Everything was going according to the script so far. Then she dropped the bombshell. She softly replied “I really do not know. I grew up in foster care system”! I was incredulous. How can one not know where one is from?

I persisted: “What do you mean you do not know where you are from?”
She: “I grew up in over 100 homes in DC and Durham area. I am not sure how to answer where I am from”
Me (turning to my business guest): “Do you mind if I take a couple of minutes?”. He readily agreed.
I asked her: “How old are you?”
She: “21”
Me: “How long do you work in a day?”
She: “All my waking hours”
Me: “How many jobs?”
She: “3”
Me: “Where are your parents? Wait don’t tell me. Would you mind if I spent ten minutes of your time after my breakfast with you to learn your life history? Should I talk to your manager? I know this is your work time”.
She assured me it would not be a problem.

And that was that. For the time being.

The business meeting grew more promising by the minute. What was to be a 45 minute meeting bled well over an hour and a half. Finally we shook hands and I walked him out of the restaurant area. As I turned back, I realized that the whole place was cleaned out. Nobody was around. I had a sick feeling in my stomach. Hurriedly, I walked towards the door of the hotel and asked the usherer “Would you know if Imani is still working here?” (BTW, I had memorized that Imani was her name before I noticed she was “from” Washington DC). He was such a nice guy that he said “I do not know. But let me find out.” Saying so, he went inside the kitchen and came out with Imani!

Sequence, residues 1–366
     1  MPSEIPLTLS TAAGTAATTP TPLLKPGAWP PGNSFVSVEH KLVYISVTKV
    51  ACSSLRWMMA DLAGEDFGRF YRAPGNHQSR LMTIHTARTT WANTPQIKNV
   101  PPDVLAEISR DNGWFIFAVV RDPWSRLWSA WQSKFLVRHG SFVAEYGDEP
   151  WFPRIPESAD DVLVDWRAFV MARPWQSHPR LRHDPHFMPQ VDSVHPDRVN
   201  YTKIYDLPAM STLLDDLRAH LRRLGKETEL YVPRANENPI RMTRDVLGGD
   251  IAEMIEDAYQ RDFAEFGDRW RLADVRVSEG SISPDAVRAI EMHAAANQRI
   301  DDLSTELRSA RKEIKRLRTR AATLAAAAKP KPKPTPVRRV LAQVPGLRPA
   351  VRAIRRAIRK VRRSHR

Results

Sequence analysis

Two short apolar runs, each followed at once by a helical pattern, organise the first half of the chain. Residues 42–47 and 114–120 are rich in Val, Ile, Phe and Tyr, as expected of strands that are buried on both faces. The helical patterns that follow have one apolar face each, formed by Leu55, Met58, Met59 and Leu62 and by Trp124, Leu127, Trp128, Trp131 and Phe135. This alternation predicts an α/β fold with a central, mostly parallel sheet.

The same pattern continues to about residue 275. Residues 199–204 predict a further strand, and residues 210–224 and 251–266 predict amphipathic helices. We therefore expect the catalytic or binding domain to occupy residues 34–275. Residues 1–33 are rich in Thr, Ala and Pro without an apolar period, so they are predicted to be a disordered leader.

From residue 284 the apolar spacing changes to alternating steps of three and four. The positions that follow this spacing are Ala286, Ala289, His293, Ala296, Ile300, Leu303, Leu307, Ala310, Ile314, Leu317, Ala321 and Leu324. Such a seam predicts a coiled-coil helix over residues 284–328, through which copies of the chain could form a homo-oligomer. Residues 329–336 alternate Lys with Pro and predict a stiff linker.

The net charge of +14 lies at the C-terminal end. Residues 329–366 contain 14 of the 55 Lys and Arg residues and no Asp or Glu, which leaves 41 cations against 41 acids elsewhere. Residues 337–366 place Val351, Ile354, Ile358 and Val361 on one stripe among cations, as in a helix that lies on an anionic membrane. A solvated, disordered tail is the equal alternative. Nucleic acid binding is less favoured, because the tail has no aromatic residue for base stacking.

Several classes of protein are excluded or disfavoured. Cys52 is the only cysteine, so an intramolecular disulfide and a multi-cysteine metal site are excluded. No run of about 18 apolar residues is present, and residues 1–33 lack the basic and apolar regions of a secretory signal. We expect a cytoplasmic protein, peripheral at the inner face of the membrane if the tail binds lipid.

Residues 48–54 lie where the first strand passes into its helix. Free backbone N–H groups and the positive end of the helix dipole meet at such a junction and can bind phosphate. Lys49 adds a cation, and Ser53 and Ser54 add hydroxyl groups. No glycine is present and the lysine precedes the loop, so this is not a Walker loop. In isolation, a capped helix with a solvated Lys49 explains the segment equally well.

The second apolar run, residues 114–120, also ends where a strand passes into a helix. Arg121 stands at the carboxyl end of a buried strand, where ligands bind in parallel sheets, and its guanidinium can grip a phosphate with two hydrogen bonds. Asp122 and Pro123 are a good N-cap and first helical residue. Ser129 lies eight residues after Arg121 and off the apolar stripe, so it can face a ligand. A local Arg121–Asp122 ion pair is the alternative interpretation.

I was really, really relieved. We sat down in one of the numerous empty tables and I told her “Tell me your life story”.

There was this girl who was born to a dad who spent most his life in jail. She could not remember if she ever had seen her. Her mom became a drug addict. The state agencies came along and to protect her and her two siblings, pulled them away from their mom at a very young age and put them in the foster care system. The foster care system is where parents take care of kids and get paid by the state to do so. The system made sure that the siblings never got separated. The DC system was fine.

Then they were moved to Durham. She did not cast a very positive picture on the foster care system there. Some of the stories of what she and her siblings had to undergo is too sordid for me to write here. Being a softie, there are words I cannot get myself to utter. Being a dad of two daughters, I could not help myself shudder. Let me put it this way – think of the worst abuse a lady – especially young, can go thru – and she had to go thru all of them. As she kept moving from houses to houses.

“Why did you not report to the authorities? or the cops?”, I asked.